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In-Stream Habitat Alteration

In-Stream Habitat Alteration refers to lost in-stream habitat due to human modification of a waterway’s bed, banks, or flow. Modification of a stream’s bed or banks happens when streams are channelized, sent through culverts, dammed, dredged or filled. Out of stream infrastructure, such as curbs and gutters, storm-drains, and concrete ditches alter the rate of flow that enters a stream, quickly ushering water off impervious surfaces and sending it rushing into the stream channel. These modifications to streams result in an alteration of in-stream habitat.

Habitat alteration can disrupt native species reproductive cycles or simply make living conditions untenable for some aquatics, reducing taxonomic richness and diversity. It can also lead to the replacement of native species by exotic or invasive species or provide advantages to generalist species over specialist species.


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  • Adopt

    Are you a member of a group or organization in your community that would be interested in adopting this waterway? Contact us if you’re interested in learning more about stream adoption.

    Learn more about adopting a stream

  • Remove unused dams.

    If you have an antiquated or unneeded dam on your property, contact the Cumberland River Compact to discuss the feasibility of removing it. Walk the stream and inventory the location of any dams or obstructions, and let the Compact know so we can add these to our database or potential removal projects.

    Resources include:

    • Dam Inventory, Removal and Stream Restoration – Cumberland River Compact
    • How Dams Damage Rivers and How Dams are Removed – American Rivers
  • Reduce paved, impervious surfaces
  • Allow for natural growth near waterways

    If you live or work next to a waterway, leave a 35′ to 100′ no mow zone on its banks. Allow natural and native plant growth in this buffer area or plant native trees, bushes, and groundcover. This vegetation can filter pollutants before they reach your waterway and provide other water quality benefits that far exceed those of a mowed lawn. Native plants and grasses require less watering and fertilizer and also provide important habitat for native species of wildlife.

    Resources include:

    • Free trees for Tennesseans during TEC’s annual statewide 100K Tree Day – TN Environmental Council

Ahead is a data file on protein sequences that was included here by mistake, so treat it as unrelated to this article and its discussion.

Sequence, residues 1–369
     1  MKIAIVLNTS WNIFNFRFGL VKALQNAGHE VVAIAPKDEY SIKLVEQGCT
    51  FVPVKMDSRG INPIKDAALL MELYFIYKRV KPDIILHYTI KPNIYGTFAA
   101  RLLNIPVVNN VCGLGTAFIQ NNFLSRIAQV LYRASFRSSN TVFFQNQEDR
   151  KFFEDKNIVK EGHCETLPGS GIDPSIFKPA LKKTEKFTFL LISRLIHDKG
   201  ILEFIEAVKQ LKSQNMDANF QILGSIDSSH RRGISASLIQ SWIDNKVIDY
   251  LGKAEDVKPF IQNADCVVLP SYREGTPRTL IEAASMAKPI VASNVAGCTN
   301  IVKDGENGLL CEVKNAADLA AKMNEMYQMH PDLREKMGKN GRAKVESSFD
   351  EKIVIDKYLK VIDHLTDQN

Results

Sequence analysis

• Purchase Native Wildflower/Grass Alternatives to Mowed Grass – Roundstone Native Seed and/or Seedland
    • Tennessee Aquatic Stream Clean Up and Riparian Tree Grant (Scroll to bottom of linked page for more info) – TN Wildlife Resources Agency
    • General Guidelines for Volunteer Based Riparian Buffer Plantings – TN Environmental Council
    • Improving Stream Channels With Live Staking – UT Extension
    • Tennessee Urban Riparian Buffer Handbook – TN Dept. of Agriculture
    • Landscaping with Native Plants in West, Middle, and East TN – TN Wildlife Resources Agency
    • Native Plants for TN – UT Extension
    • Forest Stewardship Program and Landowner Services – KY Division of Forestry
    • Plant Availability Guide – KY Department of Agriculture
    • State Nurseries and Tree Seedlings – KY Division of Forestry
  • Plant a rain garden

    Rain gardens can filter and infiltrate stormwater that flows across your yard.

    Resources include:

    • Rain Gardens – A Resource Guide – Cumberland River Compact and Metro Nashville
    • TN Native Rain Garden Plants – UT Extension
    • Rain Gardens for Tennessee – UT Extension
    • Rain Gardens Educator’s Toolkit, Rain Gardens for Tennessee Site Summary, and Rain
    • Garden Facts and Tips – UT Extension
    • Rain Garden How-to Brochure – Harpeth River Watershed Association
    • Rain Garden Guide for Middle Tennesseans by Patty Ghertner
    • Start-to-Finish Rain Garden Workbook – Harpeth River Watershed Association
    • Rain Garden Workshop Guide – TN Environmental Council
    • Landscaping with Native Plants in West, Middle, and East TN – TN Wildlife Resources Agency
    • Native Plants for TN – UT Extension
    • Plant Availability Guide – KY Department of Agriculture
  • Spread the word.

    Do your neighbors, family, or roommates know about the problem? Now that you know how to be an effective steward, enlist the help of others in your neighborhood. Share iCreek or resources within it with your neighbors and encourage them to join the effort to protect your creek.